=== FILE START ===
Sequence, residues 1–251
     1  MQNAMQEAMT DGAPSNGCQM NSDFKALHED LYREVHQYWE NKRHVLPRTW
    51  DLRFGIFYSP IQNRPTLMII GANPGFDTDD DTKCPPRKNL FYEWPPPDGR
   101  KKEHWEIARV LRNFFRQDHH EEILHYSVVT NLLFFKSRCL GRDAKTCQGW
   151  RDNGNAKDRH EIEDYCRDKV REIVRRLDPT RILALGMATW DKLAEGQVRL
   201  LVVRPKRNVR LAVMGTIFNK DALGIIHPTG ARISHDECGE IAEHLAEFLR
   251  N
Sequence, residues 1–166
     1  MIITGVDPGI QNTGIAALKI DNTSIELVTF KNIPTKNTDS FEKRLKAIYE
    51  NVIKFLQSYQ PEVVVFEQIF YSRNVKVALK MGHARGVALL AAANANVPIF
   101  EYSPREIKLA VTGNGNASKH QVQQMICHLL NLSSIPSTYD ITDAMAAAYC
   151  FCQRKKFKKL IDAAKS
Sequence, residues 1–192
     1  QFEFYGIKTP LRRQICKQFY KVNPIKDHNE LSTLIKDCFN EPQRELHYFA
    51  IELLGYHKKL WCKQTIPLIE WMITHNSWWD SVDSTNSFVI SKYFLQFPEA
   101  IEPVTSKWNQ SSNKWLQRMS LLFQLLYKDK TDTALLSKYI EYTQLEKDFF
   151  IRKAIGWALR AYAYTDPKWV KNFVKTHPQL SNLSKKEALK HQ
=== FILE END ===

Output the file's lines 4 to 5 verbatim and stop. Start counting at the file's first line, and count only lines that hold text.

   101  KKEHWEIARV LRNFFRQDHH EEILHYSVVT NLLFFKSRCL GRDAKTCQGW
   151  RDNGNAKDRH EIEDYCRDKV REIVRRLDPT RILALGMATW DKLAEGQVRL